Be Prepared! Have These Essentials Ready in Your Car to Save Time and Hassle

Whether you’re only using your car to drive round town, or heading out into the wilderness for off-road adventures, it’s always best to be prepared in case something unexpectedly goes wrong. 

Let’s have a look at some essentials to keep in your trunk at all times, ranging from almost zero-cost to more high-tech gadgets for the driver who wants to be prepared for every eventuality.

1. First aid supplies

In case of minor accidents in or near your car, a well-stocked first aid kit will ensure that you’re able to assist the injured party, quickly and easily until you’re able to obtain more help.

Your kit needs to contain, at a minimum, plenty of bandages, tweezers, scissors, surgical tape, some wound disinfectant and an antibiotic cream.

For longer journeys and camping trips, also make sure you have cooling pads to treat burns. If you’re heading on a trip across the desert, keep some rehydration salts in the kit. If you drive in a zone where severe winter weather is a possibility, pack a reflective blanket for each passenger to help retain body heat in case of a breakdown.

This may all sound a little over-cautious, but bear in mind that once you have this kit in your car, you can forget about it until the need arises. At that point you’ll be grateful that you had the foresight to prepare.

2. Spare parts to keep you moving

The most essential of these is a spare tire, as there’s no knowing when or where you can get a flat. If your car doesn’t have a spare supplied as standard, invest in one so you’ll always be able to get home, without the need to call out a mechanic. You’ll potentially save yourself hours of wasted time, hassle and expense.

A portable air compressor is also a useful piece of kit to have handy, as if you have a slow puncture this will reflate your tires and enable you to get home or to a workshop.  If you can locate the source of the leak, a can of sealant will also help until the tire can be changed.

Other useful spares to carry with you include windshield wiper blades, and spare radiator cap, and extra fuses. 

3. Power

Have you ever had a flat battery and flagged down a passing motorist, who kindly offers help – only to find that neither party is carrying jump leads?  While a ‘jump-start’ will often work, you could find yourself in a location doesn’t allow the car to be pushed or rolled enough to allow the connections to spring back into life. So at the very minimum, you should have a set of jump leads in your trunk.

Unless you know your battery is almost at the end of its life, carrying a replacement battery with you isn’t usually needed. But if you are unsure about whether your battery is still able to get you where you want to be, it’s something to consider. For hybrids or electric vehicles, lithium batteries are required, while for petrol or diesel vehicles standard SLI or Lead-Acid batteries are the most common choice.

4. Essential tools

There’s no point in carrying a spare tire unless you have a jack to raise the car off the ground. Most vehicles are supplied with one, but it’s wise to invest in something stronger and more durable. A sturdy lug wrench will also be useful for loosening and tightening wheel nuts easily and safely.

5. Flash light

When things go wrong, it’s often at the most convenient time. If you have a breakdown at night, a powerful headlight torch can help you to see what’s needed and allow you to do whatever is needed with your hands free. Rather than go for a specialist electrician’s lamp which provides a strong narrow beam to illuminate a work area, opt for a general purpose model which can also be used to help you move around in the dark.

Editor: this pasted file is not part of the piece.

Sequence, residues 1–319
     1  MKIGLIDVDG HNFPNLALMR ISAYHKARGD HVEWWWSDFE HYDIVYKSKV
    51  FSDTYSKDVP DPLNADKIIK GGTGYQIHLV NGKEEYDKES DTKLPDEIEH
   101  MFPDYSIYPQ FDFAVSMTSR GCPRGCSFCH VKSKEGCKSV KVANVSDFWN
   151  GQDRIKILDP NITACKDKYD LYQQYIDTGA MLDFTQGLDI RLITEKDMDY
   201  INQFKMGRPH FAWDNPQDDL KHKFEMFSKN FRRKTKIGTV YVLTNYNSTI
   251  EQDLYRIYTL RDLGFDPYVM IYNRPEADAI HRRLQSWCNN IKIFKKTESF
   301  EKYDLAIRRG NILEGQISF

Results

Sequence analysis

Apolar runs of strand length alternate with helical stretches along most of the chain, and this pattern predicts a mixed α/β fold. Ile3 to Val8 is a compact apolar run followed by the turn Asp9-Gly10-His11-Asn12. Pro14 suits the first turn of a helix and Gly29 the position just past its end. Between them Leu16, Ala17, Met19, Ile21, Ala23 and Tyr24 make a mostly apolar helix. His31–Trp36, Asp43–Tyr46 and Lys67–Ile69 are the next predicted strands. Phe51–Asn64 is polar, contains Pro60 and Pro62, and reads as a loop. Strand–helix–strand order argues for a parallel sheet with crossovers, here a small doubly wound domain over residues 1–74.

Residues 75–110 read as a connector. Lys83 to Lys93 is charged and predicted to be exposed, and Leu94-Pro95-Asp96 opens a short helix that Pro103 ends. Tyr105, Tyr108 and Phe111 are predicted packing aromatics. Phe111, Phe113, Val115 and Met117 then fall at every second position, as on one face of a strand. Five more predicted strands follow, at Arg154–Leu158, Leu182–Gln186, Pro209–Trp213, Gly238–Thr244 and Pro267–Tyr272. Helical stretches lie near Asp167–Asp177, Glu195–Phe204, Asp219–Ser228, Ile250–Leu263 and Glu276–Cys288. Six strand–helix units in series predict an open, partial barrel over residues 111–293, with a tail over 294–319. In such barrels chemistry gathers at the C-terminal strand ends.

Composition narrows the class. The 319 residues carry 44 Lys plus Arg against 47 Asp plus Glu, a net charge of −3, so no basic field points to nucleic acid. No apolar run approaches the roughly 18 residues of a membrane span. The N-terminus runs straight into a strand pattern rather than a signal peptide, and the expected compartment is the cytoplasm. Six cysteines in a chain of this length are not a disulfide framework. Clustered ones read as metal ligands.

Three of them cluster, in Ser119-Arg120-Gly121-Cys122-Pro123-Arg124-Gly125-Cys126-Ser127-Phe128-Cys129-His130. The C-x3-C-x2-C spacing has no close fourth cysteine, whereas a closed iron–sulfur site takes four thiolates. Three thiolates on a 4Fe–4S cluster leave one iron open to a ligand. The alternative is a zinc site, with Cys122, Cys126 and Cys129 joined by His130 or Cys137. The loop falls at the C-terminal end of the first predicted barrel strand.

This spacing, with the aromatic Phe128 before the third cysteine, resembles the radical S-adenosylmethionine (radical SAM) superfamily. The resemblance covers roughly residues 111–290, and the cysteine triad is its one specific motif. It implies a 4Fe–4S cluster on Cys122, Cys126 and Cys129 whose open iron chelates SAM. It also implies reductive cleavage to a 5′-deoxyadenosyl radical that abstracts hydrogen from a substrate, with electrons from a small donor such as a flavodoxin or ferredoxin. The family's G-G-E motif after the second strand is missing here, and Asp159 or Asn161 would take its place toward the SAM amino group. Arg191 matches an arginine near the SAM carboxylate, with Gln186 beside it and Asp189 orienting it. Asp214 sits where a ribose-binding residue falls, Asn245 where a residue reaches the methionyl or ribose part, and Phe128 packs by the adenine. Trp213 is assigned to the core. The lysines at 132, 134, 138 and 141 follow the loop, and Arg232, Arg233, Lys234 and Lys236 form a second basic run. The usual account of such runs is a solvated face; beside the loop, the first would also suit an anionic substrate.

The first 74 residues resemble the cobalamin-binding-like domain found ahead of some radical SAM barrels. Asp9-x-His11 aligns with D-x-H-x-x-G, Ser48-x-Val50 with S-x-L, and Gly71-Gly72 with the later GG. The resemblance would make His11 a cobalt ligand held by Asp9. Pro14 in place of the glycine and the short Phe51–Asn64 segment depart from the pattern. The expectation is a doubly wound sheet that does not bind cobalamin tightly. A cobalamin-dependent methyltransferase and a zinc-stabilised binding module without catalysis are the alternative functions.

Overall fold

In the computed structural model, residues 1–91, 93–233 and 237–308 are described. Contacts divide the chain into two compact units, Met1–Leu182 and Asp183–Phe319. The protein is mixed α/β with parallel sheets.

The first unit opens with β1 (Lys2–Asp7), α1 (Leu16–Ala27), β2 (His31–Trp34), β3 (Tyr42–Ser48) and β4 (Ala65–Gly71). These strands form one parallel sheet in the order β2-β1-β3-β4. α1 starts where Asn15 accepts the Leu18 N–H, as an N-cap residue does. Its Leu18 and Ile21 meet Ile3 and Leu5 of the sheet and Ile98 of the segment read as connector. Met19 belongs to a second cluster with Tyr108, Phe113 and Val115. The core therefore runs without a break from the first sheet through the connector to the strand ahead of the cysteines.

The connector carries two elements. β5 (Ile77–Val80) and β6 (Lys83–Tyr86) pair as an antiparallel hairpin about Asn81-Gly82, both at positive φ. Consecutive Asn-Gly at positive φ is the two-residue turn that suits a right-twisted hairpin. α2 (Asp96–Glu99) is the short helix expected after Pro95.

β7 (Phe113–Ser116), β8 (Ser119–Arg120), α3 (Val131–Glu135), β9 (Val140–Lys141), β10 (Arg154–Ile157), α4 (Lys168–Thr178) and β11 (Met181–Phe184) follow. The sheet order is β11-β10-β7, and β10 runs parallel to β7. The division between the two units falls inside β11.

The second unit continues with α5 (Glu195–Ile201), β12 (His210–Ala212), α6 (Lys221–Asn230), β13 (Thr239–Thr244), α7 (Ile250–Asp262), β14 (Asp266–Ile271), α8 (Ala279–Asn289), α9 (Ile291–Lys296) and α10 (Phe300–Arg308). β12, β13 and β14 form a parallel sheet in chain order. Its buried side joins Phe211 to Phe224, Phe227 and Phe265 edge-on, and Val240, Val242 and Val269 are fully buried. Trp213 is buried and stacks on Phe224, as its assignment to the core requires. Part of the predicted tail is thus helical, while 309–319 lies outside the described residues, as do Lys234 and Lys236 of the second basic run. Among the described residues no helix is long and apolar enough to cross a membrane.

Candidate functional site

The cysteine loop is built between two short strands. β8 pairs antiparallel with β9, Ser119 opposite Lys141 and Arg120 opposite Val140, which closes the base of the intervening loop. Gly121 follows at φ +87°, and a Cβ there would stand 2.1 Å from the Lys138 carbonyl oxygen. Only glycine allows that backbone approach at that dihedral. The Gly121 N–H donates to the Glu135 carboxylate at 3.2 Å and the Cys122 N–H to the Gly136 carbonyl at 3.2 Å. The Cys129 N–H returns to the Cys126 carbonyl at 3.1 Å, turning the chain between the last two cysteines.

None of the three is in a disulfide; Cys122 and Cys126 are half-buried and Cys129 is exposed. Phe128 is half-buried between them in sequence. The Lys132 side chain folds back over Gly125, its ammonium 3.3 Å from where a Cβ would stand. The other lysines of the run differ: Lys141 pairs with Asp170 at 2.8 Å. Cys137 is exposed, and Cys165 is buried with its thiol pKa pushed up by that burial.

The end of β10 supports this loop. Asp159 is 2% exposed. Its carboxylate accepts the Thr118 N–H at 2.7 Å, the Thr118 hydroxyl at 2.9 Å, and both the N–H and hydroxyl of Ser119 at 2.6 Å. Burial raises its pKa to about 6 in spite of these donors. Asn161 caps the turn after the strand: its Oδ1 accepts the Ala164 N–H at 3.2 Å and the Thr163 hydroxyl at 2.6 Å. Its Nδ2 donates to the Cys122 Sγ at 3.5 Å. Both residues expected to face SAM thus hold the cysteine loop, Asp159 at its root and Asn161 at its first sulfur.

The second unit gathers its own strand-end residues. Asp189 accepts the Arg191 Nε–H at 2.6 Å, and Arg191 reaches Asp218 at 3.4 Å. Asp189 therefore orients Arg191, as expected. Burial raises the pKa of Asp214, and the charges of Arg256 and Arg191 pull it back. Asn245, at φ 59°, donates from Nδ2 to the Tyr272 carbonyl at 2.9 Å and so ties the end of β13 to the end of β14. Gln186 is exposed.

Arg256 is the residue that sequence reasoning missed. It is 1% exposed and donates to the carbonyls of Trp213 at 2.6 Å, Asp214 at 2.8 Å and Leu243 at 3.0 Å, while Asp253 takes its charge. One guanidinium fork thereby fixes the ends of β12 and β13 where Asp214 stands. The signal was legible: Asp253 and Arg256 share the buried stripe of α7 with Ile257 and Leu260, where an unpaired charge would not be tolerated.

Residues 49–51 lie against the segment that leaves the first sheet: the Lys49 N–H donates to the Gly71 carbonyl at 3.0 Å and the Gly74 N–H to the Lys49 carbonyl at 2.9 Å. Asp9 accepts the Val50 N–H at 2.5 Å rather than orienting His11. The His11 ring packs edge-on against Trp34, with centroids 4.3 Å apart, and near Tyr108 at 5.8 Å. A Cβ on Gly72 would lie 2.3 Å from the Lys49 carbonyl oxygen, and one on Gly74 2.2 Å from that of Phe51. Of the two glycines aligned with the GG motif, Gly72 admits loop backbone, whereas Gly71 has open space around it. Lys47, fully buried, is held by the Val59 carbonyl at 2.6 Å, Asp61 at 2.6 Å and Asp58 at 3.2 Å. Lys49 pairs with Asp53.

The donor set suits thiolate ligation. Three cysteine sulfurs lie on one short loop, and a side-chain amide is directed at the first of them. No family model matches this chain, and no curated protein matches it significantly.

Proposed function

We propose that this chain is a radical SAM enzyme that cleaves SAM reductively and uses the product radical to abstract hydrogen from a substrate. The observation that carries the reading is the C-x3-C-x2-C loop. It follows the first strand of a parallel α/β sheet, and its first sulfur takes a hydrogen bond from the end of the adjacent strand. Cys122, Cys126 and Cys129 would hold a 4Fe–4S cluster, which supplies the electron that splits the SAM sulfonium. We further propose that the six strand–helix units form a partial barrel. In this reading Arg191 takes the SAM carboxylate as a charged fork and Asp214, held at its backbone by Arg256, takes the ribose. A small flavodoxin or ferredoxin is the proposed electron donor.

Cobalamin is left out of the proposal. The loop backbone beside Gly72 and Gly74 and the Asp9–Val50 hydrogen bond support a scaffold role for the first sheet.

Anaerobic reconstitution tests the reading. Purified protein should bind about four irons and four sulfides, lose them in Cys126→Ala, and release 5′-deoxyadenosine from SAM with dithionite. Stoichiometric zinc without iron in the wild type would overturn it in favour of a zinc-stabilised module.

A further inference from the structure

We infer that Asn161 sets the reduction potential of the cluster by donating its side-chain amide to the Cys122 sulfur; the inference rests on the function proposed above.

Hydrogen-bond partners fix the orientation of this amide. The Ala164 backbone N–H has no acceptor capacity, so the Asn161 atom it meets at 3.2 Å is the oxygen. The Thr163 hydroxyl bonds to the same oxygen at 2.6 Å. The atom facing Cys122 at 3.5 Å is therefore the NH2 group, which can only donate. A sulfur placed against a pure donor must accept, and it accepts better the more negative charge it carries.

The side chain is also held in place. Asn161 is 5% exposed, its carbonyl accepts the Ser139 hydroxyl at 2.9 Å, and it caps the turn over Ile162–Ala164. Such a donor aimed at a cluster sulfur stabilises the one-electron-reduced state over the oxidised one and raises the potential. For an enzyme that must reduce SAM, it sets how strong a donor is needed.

Flash Light

6. Dash cam

Dashcams have rocketed in popularity over recent years as they can record a journey in its entirety. In case of an accident, there’s clear evidence of exactly what happened, before during and after, as well as information about the surrounding area.   While they’re still quite an expensive piece of kit, they can help to cut down any arguments about how a collision occurred and potentially save considerable sums in legal fees and increased insurance premiums.

7. A change of clothes

Let’s imagine you’re driving to a wedding, or a job interview. Naturally, you’re wearing your best outfit. You suddenly hit something, and need to stop and inspect the underside of your vehicle. Or you need to lift the hood and check what’s going on with the engine. Even in urban areas, your clothes are likely to get soiled by dust and debris, if not covered in oil. So it makes sense to carry some items to put on and protect your garments. Maybe a long-sleeved shirt, an old jacket, and a pair of ancient sweat pants to put on and protect your knees.

A few pairs of industrial rubber gloves will keep your hands dry and clean, but if they do get dirty, some heavy duty hand cleaner will help you look presentable again.

8. Trunk organizer

At this point you may be thinking that if you pack everything we’ve listed, there won’t be room in your trunk for anything else – and you need the space to shopping, travel bags, sports equipment and so on.

You wouldn’t dream of just throwing things into a cupboard without making an effort to organize them so they’ll be easy to locate when you want to use them. So why do we so often just throw things into our trunk and waste time hunting for things?

For less than $40, this last suggestion will save you lots of time and hassle. Invest in a trunk storage organizer so that you’ll not only be able to get your hands on any item you need, without wasting time hunting for it, and you’ll also minimize the space that your ‘essentials’ take up.

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John Miller

John Miller is a cars enthusiast who loves writing anything related to automobiles. He is a passionate blogger writing for and other auto blogs